Peary did not need Bartlett
to travel the extra 266 nautical miles to and from the Pole with him. Peary only needed Henson to break trail on a vector due north for the correct distance.

How did they know north? They used a compass and knew the correct variations, and they always used the position of the moon and/or sun. How? The same way polar adventurers do today—by time of day.

Henson also used the expedient method, for faster travel, of crossing sastrugi (wind cut snow ridges) at right angles when he knew they ran due east–west.

It is an ongoing deception made to the public by anti-Peary authors that Bartlett was a "navigator" and could have helped Peary find the Pole by determining their longitude position or some such nonsense. That is a ridiculous, ignorant comment. No such longitude fix is necessary.

Even today polar expedition leaders (Paul Landry, Matty McNair) find the Pole the same way Henson did; by shooting a vector due north as determined by compass (sun not visible) or by the sun & time of day method when the sun is visible. [Yes they carry a GPS but it is NOT used for vectoring towards the Pole. Like a sextant it only fixes position—it is not used to set a course.]

Lines of longitude converge at the Pole so taking a sight to fix a longitude position 100 miles from the pole, for example, is of no use—lines of longitude are only a few miles apart, not the 60 miles apart a single degree is at the Equator! Being 2 miles or even 20 miles east-or-west of the line of longitude one assumes oneself to be traveling on while heading towards the Pole is insignificant and utterly useless information. Why? Because one is setting a course due north.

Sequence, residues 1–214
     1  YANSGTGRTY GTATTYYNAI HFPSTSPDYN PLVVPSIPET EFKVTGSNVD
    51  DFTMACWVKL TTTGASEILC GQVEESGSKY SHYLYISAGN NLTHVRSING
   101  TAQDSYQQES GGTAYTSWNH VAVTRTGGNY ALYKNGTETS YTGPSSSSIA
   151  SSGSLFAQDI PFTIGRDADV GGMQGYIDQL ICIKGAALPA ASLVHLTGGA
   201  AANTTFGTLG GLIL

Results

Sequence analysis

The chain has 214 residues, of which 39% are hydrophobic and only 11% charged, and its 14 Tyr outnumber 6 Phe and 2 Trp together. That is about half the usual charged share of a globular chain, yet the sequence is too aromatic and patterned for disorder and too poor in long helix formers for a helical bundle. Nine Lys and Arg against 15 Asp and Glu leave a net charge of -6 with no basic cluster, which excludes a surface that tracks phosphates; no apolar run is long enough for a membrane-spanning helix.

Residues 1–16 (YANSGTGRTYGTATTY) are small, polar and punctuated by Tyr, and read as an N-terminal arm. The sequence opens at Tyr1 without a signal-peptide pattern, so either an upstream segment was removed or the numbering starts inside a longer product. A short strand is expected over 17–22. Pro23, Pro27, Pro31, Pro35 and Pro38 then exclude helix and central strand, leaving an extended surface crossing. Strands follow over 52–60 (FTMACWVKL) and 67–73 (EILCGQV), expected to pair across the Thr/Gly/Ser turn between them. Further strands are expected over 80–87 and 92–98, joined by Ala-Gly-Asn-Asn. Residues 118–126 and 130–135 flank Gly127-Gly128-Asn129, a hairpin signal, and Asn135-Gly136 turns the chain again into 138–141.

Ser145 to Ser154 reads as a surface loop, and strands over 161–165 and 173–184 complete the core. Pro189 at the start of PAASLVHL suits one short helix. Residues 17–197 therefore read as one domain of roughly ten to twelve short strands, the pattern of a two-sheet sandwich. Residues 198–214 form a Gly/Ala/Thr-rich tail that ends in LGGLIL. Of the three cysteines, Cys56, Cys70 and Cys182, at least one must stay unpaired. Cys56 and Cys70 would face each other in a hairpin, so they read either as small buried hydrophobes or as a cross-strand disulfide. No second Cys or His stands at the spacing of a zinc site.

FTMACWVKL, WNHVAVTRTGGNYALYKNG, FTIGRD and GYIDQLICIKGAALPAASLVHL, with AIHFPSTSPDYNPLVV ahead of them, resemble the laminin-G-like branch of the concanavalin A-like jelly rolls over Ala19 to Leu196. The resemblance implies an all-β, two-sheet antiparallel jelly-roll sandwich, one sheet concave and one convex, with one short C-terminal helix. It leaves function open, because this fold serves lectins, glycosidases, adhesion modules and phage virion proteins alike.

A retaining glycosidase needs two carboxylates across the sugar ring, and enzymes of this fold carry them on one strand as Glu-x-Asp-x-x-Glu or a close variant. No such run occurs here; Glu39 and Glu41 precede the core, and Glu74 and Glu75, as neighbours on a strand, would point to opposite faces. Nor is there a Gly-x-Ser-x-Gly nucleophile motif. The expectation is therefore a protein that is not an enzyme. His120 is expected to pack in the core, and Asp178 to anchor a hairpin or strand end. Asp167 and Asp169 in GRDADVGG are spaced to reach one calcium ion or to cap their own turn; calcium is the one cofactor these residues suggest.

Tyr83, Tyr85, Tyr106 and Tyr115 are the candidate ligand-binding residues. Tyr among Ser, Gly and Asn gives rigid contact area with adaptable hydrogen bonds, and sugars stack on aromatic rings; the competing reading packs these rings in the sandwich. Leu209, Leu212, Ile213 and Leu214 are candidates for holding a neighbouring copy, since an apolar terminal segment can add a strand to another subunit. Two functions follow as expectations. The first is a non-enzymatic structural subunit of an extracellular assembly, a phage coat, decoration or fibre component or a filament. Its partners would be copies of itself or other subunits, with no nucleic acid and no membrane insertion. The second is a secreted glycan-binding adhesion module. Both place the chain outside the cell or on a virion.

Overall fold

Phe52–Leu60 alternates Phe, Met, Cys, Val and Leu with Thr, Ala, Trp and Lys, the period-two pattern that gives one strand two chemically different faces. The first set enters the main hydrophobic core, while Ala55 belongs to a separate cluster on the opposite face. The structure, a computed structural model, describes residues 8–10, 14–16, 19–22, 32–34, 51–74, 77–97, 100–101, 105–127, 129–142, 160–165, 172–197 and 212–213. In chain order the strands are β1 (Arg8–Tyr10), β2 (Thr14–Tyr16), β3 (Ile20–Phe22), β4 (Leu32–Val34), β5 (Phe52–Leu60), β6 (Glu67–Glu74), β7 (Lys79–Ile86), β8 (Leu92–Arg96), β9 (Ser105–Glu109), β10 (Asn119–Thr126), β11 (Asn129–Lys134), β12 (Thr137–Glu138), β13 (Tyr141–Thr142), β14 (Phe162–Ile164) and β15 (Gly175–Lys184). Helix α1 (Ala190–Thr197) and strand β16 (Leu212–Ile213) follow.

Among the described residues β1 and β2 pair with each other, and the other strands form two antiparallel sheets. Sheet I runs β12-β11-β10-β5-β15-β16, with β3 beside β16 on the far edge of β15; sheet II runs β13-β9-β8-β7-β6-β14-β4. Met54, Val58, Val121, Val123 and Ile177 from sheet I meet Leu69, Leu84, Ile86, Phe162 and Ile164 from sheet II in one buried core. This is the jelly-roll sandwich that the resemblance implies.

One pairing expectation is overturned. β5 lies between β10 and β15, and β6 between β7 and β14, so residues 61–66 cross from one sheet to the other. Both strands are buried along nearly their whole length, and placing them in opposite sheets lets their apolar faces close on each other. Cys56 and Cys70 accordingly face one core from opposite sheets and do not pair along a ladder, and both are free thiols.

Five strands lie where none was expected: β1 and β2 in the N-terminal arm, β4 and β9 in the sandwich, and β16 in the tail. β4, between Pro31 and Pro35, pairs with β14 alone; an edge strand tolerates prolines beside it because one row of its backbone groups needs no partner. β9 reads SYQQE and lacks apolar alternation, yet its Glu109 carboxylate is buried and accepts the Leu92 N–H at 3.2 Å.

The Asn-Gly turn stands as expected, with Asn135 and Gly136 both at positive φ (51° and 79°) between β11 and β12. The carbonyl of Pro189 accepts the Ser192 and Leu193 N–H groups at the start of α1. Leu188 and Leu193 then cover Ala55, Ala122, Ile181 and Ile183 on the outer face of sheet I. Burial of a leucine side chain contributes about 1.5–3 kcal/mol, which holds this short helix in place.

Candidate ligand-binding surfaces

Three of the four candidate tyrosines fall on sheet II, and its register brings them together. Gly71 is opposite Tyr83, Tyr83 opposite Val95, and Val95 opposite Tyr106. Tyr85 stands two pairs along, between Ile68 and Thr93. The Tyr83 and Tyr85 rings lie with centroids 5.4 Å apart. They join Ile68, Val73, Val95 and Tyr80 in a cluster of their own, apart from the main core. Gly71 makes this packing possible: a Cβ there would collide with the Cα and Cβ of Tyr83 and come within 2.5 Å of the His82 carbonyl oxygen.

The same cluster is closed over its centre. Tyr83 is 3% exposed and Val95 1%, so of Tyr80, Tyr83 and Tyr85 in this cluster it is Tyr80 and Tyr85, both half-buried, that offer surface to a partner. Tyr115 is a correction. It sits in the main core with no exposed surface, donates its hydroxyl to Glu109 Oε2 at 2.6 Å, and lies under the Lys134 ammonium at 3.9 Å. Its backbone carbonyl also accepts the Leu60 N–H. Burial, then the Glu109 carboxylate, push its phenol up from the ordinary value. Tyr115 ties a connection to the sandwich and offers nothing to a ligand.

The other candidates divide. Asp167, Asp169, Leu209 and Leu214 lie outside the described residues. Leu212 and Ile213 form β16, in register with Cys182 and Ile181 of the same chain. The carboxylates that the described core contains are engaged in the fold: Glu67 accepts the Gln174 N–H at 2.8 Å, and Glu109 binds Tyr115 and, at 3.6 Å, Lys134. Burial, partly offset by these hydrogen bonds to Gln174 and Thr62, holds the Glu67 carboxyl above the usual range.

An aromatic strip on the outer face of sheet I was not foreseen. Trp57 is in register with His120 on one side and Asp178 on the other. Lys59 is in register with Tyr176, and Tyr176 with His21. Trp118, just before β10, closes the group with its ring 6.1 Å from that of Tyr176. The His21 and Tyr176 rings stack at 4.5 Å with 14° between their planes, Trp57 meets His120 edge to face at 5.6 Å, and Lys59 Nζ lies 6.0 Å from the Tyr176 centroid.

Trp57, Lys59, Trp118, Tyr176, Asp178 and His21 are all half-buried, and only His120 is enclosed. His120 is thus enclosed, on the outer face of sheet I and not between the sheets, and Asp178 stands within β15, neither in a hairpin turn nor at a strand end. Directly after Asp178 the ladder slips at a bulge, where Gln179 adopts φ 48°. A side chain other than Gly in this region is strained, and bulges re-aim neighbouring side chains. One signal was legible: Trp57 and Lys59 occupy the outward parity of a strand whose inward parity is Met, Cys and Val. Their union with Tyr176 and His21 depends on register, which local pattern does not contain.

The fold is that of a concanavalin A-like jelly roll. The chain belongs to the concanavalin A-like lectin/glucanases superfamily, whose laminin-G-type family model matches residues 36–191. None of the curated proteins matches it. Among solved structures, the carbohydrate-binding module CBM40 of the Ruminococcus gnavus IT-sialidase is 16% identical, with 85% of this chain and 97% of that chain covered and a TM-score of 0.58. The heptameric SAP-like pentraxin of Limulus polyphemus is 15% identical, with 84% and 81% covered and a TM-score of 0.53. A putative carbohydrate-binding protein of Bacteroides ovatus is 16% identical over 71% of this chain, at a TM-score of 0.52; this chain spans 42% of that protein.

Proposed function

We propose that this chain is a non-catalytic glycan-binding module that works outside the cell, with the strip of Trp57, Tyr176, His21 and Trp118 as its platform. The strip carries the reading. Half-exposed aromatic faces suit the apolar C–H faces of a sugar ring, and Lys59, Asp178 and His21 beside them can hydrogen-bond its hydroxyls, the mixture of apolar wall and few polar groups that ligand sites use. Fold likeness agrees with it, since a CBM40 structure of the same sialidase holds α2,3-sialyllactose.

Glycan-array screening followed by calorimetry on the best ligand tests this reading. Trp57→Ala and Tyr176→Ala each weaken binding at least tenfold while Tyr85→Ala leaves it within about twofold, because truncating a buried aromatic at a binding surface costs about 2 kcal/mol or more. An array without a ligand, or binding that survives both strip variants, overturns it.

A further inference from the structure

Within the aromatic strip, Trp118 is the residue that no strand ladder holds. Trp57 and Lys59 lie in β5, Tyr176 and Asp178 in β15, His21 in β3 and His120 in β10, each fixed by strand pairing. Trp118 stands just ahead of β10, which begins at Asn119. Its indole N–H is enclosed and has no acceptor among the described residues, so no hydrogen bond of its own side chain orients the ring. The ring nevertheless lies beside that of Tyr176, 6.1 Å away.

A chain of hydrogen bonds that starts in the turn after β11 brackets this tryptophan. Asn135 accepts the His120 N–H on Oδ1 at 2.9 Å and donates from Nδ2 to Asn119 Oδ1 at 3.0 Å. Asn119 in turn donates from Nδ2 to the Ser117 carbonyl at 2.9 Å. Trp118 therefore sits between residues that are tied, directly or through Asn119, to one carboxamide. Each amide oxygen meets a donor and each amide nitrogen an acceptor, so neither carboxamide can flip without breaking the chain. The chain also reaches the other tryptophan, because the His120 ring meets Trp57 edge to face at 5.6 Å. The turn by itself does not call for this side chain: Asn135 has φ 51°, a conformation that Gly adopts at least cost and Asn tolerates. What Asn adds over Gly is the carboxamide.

Note that Scott wasted precious time taking longitude sights while trekking to the South Pole. Amundsen, like Peary, realized there was no need to take longitude sights. Why? Because the goal is a point of latitude (90 degrees north or 90 degrees south) precisely where there is no longitude.

Peary envy/hatred
After losing the North Pole to Peary, and the South Pole to Amundsen the British had zero polar honors. In 1910 they awarded to Peary the "special Great Gold Medal" of the Royal Geographical Society (London, England). But after the tragedy of Scott dying at the South Pole the English were bitter towards both the Americans and Norwegians who had used dog sledges to achieve their success. The ease with which Amundsen reached the Pole was a humiliation that made them angry. It has been said by numerous experts that this feeling then turned to Peary.

The colossal polar fraud, Dr. Cook, wrote a viscously vindictive book about his phony trip to the Pole. In the back sections he wrote a considerable amount of slander against Peary. This anti-Peary sentiment influenced other anti-establishment prone individuals such as Thomas Hall and then, in the late 1920s England's Reverend Hayes. Hayes was an ill informed "arm chair expert" who decided Peary's trip was impossible.